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Time Needed for a Lake to Freeze Over

  • Thread starter Aeonic333
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12
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I have been rather unfortunate to attend a school with a physics department that uses Sears and Zemansky's University Physics textbook. I have been working unsuccessfully on the following problem (Chapter 15, #103 for those who have the book) for 2 days...

Show that the thickness of the ice sheet formed on the surface of a lake is proportional to the square root of the time if the heat of fusion of the water freezing on the underside of the ice sheet is conducted through the ice sheet

Here is what I know... or think I know...

heat current = dQ/dt = (kA(Th - Tc))/L
That is the only equation I have that involves time; however I was always under the impression that I cannot seperate dQ/dt since dt is part of an expression representing the instantaneous heat flow, and not a single variable.
 

Tom Mattson

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Originally posted by Aeonic333
heat current = dQ/dt = (kA(Th - Tc))/L
That is the only equation I have that involves time; however I was always under the impression that I cannot seperate dQ/dt since dt is part of an expression representing the instantaneous heat flow, and not a single variable.
Sorry, but I still don't understand why you think it can't be separated. In the equation dv/dt=-g, dt "is part of an expression representing the instantaneous" velocity, and it sure can be separated.
 
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That makes sense. I was wondering whether or not that was possible. I just remember my Calculus book saying to treat it as a single expression... but if it is bounded by a constant like -g, or in this case, heat flow (which should be constant for a given thickness), then I should be able to treat the dt as a single variable. Is it possible to do that in other situations? For instance, something without constant acceleration, heat flow, etc?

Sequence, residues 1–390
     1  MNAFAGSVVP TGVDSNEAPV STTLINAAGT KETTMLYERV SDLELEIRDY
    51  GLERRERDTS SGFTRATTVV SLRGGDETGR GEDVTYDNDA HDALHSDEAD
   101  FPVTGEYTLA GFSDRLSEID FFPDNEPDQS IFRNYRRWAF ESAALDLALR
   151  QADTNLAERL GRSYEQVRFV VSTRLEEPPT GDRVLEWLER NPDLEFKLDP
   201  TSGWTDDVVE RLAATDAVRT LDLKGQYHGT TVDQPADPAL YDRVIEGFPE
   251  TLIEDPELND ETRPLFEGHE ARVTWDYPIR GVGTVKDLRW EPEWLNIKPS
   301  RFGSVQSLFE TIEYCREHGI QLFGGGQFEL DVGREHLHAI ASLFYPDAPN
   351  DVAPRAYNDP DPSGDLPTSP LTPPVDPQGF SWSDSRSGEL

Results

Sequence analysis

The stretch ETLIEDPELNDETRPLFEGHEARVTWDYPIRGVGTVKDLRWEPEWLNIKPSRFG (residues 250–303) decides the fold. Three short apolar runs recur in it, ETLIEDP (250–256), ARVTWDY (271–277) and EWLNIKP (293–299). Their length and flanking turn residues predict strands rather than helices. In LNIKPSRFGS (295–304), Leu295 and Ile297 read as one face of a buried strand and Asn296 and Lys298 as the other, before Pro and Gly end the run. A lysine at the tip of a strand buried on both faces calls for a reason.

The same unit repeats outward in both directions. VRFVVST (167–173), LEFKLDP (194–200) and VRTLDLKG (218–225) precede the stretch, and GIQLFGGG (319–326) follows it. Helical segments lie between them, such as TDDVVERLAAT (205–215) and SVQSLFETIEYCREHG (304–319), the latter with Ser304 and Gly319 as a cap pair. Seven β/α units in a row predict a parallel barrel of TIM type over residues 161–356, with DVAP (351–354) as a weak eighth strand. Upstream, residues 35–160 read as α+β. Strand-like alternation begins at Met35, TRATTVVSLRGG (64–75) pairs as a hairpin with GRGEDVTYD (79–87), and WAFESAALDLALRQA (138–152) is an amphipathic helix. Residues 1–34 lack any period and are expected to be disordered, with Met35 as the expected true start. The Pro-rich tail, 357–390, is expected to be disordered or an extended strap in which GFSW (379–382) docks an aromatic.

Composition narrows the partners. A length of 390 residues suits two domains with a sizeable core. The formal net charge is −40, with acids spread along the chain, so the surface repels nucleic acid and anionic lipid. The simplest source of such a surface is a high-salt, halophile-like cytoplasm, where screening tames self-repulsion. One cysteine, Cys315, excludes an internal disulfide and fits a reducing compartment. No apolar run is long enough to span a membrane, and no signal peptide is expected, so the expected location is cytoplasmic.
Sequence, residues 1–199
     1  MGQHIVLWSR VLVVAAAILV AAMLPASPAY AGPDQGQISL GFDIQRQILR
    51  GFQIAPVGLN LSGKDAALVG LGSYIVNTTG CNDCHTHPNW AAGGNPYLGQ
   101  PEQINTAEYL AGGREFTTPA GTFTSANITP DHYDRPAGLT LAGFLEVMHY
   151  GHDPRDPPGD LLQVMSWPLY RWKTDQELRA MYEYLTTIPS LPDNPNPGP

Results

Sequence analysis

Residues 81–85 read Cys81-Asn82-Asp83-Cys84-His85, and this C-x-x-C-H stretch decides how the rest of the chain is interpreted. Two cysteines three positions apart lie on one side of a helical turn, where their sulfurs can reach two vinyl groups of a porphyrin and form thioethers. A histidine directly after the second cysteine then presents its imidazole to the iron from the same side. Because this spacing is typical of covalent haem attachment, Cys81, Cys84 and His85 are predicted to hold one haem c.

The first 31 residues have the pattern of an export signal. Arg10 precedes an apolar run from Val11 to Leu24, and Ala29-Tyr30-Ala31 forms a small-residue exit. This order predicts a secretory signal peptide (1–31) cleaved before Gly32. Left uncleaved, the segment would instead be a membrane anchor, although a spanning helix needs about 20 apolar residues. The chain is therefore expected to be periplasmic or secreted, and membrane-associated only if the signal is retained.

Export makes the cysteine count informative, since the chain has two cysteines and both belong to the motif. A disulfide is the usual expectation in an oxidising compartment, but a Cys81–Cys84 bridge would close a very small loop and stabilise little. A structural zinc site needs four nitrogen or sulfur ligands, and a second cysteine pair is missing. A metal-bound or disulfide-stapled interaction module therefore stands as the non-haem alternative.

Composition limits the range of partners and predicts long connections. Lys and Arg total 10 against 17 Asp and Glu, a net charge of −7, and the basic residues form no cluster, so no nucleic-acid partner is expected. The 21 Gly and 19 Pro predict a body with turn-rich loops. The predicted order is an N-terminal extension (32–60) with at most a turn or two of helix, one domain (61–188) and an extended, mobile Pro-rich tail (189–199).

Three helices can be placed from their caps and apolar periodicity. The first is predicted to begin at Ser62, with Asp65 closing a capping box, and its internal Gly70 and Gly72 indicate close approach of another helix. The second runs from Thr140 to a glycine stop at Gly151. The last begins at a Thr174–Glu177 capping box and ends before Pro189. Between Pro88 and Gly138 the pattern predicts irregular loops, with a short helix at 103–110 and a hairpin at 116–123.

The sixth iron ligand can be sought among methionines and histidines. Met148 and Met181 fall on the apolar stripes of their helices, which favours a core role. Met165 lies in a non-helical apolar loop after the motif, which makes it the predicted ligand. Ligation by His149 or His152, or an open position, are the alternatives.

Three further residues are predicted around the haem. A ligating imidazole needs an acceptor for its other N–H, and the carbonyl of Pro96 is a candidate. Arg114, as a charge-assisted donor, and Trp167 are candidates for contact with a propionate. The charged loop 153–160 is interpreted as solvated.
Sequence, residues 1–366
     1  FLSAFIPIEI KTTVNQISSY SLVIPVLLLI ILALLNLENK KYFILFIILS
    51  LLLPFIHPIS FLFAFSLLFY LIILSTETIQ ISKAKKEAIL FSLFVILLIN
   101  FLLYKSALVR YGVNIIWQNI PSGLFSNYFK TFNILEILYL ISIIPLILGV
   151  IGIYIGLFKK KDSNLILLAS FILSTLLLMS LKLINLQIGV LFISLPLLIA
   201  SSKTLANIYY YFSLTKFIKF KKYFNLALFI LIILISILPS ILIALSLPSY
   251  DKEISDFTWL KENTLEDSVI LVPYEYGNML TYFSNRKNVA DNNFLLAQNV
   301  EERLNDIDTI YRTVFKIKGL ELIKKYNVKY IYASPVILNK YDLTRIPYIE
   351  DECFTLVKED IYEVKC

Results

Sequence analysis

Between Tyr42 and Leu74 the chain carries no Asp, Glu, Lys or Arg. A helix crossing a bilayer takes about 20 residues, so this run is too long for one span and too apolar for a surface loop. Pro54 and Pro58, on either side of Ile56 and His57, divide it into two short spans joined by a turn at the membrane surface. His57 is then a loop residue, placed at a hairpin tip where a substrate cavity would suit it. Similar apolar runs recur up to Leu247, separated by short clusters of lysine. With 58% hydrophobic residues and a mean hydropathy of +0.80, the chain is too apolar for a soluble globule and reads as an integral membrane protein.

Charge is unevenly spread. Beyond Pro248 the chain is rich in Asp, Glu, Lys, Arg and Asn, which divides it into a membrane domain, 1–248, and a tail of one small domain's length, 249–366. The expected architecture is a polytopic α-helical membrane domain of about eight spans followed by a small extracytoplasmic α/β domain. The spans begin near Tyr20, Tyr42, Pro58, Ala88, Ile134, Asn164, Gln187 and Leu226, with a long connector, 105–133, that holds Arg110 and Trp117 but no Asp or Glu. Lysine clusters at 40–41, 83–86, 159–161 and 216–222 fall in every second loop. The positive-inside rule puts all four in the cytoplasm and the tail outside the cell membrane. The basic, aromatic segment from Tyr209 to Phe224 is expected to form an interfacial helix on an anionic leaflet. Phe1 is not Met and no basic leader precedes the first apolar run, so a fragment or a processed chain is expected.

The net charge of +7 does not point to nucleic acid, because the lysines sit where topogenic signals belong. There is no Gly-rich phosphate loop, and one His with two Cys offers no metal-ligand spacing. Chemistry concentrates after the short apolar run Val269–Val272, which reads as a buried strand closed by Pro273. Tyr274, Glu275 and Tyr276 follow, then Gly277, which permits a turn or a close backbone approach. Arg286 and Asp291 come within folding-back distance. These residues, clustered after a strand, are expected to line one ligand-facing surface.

Tom Mattson

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Originally posted by Aeonic333
Is it possible to do that in other situations? For instance, something without constant acceleration, heat flow, etc?
Yes, it is possible. Start with constant acceleration:

dv/dt=-g
dv=-g dt
∫dv=-g∫dt
v-v0=-gt
v=v0-gt

OK, now recall that v=dx/dt.

dx/dt=v0-gt

Note that on the right hand side we have not a constant, but a function of time. We can still separate the variables.

dx=(v0-gt)dt

and you continue with the integration.

The same rule (separation of variables) is valid for your problem.
 
12
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I think I got it...

dQ/dt = k((Th-Tc)/x) Q = Hf*m dQ/dm = dQ/dx dm = dx
dQ = [del]Hf*dx dQ/dt = [del]Hf*(dx/dt)
dQ/dt = k((Th-Tc)/x) = [del]Hf(dx/dt)
xdx = k(Th-Tc)dt/[del]Hf
[inte]xdx = [inte]k(Th-Tc)dt/[del]Hf
(x^2)/2 = k(Th-Tc)t/[del]Hf + C
x = [squ]2k(Th-Tc)t/[del]Hf
x is proportional to [squ]t

Does this look good?
 

Tom Mattson

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Originally posted by Aeonic333
I think I got it...
Well, you arrived at the correct answer but it is not clear to me that your solution is correct.

dQ/dt = k((Th-Tc)/x) Q = Hf*m dQ/dm = dQ/dx dm = dx
How is it that dQ/dt=dx?
 
12
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dQ/dx = dQ/dm
dQ/dt [x=] dx

Is it ok to assume that dx = dm ?
 

Tom Mattson

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Originally posted by Aeonic333
Is it ok to assume that dx = dm ?
What is dm?
 
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dm is the change in mass, and dx is the change in length. Since a change in length results in a change in mass I set dQ/dm = dQ/dx
 

Tom Mattson

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Originally posted by Aeonic333
dm is the change in mass, and dx is the change in length. Since a change in length results in a change in mass I set dQ/dm = dQ/dx
In that case, you can't do it like that because dm and dx have different units. However, dm/dx is the linear density (call it λ), so you could write dm=λdx.
 

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